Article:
Multiple regression, when applied to specific situations, could best answer problems wherein it must be determined which among the many extant factors are possibly contributing to a set of outcomes (dependent variables). For example, is variation in sales driven by prices, distribution, or advertising? Is individual perception about a political personality determined by psychographic or demographic profile? And which among the variables in each factor contribute strongly to the formation of this perception? Discriminant analysis is most useful in profiling specific groups of people or individuals based on specific characteristics, which may be demographic, psychographic, lifestyle, and specific categories defined by the researcher to be characteristic of the dependent variable (Malhotra, 1996:617). A popular application of discriminant analysis is in credit card applications, wherein credit card companies assess applicants based on their propensity or likelihood 'to pay' based on each individual/applicant's demographic and psychographic profile.

Canonical correlation analysis can be useful when the researcher would like to determine, for example, usage of multiple credit card ownership and expenditure for each based on independent variables personal and/or household income, marital status, occupation, family size, and educational attainment, among others. MANOVA is applicable in experiments, especially when the researcher studies independent variables that are related to each other in some way. For example, an ad test can use the following approach and apply MANOVA to test for the differences among the dependent variables under study: three (3) groups will be exposed to a commercial, and each group will be tested differently. The first group will be tested on their preference for the brand shown, the second group will be tested on their preference for the company that manufactured the brand, and the last group will be tested on the preference for the ad itself. This way, the researcher can check the variance results between and within the groups tested/exposed to the stimulus (commercial).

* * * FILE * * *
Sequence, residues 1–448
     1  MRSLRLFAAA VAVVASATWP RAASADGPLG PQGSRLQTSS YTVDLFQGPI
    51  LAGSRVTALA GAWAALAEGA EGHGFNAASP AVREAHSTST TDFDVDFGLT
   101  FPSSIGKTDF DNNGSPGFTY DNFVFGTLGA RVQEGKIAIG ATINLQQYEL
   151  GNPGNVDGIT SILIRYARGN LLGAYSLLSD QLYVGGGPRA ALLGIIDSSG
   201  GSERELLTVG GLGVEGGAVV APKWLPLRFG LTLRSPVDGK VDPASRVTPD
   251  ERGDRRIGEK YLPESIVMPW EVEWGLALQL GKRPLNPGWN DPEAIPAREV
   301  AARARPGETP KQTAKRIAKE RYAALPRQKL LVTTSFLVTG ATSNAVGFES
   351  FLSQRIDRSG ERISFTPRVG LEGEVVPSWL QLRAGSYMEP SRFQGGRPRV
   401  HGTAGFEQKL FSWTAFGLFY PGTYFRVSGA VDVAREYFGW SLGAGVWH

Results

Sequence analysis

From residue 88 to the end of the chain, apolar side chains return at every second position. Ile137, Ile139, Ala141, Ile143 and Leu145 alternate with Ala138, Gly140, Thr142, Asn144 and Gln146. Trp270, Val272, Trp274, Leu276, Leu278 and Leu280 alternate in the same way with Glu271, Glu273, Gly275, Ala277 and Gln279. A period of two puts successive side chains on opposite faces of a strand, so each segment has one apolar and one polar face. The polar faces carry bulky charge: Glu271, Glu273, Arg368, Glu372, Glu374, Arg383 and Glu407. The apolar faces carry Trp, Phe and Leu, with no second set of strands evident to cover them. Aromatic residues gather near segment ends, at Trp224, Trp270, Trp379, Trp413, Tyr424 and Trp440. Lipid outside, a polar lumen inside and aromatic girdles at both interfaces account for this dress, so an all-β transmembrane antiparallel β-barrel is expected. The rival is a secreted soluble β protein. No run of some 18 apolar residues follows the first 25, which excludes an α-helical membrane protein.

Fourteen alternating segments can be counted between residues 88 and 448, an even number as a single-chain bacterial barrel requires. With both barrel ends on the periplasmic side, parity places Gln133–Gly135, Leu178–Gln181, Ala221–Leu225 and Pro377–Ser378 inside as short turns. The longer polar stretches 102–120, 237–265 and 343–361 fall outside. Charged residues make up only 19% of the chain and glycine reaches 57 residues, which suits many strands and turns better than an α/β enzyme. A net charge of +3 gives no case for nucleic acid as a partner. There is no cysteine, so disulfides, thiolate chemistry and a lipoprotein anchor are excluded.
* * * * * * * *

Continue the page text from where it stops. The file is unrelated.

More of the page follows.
As explained earlier, factor analysis is an interdependence technique that is used to reduce and summarize data in a manageable manner. More than just reducing and summarizing data, factor analysis also provides the researcher an idea of the 'structure' or dimensionality of the data tested. Dimensionality in the data means that given a set of variables in a study, after data analysis using factor analysis, these variables are reduced to only a few "different basic characteristics" describing the sample being studied (Weiers, 1984:473). Principal component analysis is a common approach applied to factor analysis, wherein data, once grouped into several factors (characteristics), will have values that will provide the researcher an indication of the spread of data, specifically the maximum possible variation of the data. These values, called factor loadings, are the correlations between the factors and the variables.

Cluster analysis is another multivariate technique that is sometimes used in conjunction with factor analysis (after factor analysis). In other cases, cluster analysis is used to group similar characteristics, concepts, or objects together. It differs from simple groupings using univariate analysis and even discriminant analysis because in cluster analysis, no prior information about the sample is used as basis for the groupings. Groupings are usually identified based on the Euclidian distance of the objects to each other. Once the researcher decides on the number of cluster that will be used for the study, these clusters will then be profiled, either based on demographic, psychographic, usage, and/or other variables not used during the clustering procedure. Multidimensional scaling (MDS) is a technique usually used to demonstrate perceptions or preferences in a visual manner through mapping. MDS is technically defined as a technique wherein "[p]erceived or psychological relationships among stimuli are represented as geometric relationships among points in a multidimensional space" (Malhotra, 1996:696). MDS is useful for the researcher in identifying the number of dimensions extant in an object as perceived among respondents and identify the current and ideal positioning of the object, based on the number of dimensions generated and chosen by the researcher.

Factor analysis is useful when the researcher would like to reduce and summarize attitude statements into their basic characteristics. For example, attitude statements about health may be grouped based on the following characteristics, as indicated by the factor loadings and based also on logical groupings of the researcher: high degree of health consciousness, economy/cheap medical services, trust in medical/health practitioners, and reliance/subsistence to self-medication.